In the effort to provide excellent analysis here I purchased data on Vancouver CMHC Housing Starts, Completions, and Under Construction. I wanted to see what relationships exist in our local housing market between these different data sets.
As one would expect, starts lead, under construction follows and finally completions follow approximately 6 months later. Some interesting observations here are that the number of units under construction has never exceeded either the number of starts or completions but we find ourselves in a situation now where the number of units under construction is far exceeding the number of starts and completions. This could be due to a variety of factors such as a skills shortage or the nature of the projects under construction. The result of so many units under construction is that it is taking longer than in the past to see supply in reaction to demand thus giving the illusion of a hotter real estate market than perhaps is warranted by fundamental supply and demand.
An interesting note on this graph is the uptick in housing starts I notice in 2001. The question I have is how did developers make money with your average single family home selling for under $400,000. What was motivating them to build more starting in 2001 and sell homes for under $400,000? What has changed over the past 6 years? Have materials (lumber, steel, concrete, fixtures) costs risen that much? Has labour become doubly expensive in the past 6 years?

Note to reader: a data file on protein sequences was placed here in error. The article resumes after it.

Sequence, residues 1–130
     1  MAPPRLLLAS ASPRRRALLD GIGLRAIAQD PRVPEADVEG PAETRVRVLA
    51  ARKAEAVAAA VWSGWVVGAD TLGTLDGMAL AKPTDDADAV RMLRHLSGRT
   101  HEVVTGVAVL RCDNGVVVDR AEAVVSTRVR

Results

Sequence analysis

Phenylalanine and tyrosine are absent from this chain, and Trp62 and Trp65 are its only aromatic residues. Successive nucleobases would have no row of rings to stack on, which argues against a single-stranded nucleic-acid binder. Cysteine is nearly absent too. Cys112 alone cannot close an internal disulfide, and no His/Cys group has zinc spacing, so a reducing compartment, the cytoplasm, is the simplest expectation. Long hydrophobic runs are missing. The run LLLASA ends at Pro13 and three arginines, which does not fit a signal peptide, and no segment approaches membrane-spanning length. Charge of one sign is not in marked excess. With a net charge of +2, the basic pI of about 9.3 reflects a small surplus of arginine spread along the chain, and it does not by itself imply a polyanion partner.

The number of persons per household in the GVRD has remained fairly stable at 2.6 persons over the past 20 years. When starts / completions exceed the number demanded by population growth one would expect it to be in reaction to previous undersupply or an expectation of further population growth. During our most recent construction boom we have seen no such growth in population and population is not expected to grow at a faster rate than currently evidenced. The question here being - who is living in all of the new homes being built?
The answer to this question could be complicated and no statistics exist (to my knowledge) that quantifies who is buying new or existing homes. I have heard myths about rich foreign buyers and the illegal drug trade but neither of those explanations should account for such a dramatic change in prices which are set by the typical home buyer who buys their home by qualifying for a mortgage which they intend to pay off over a number of years.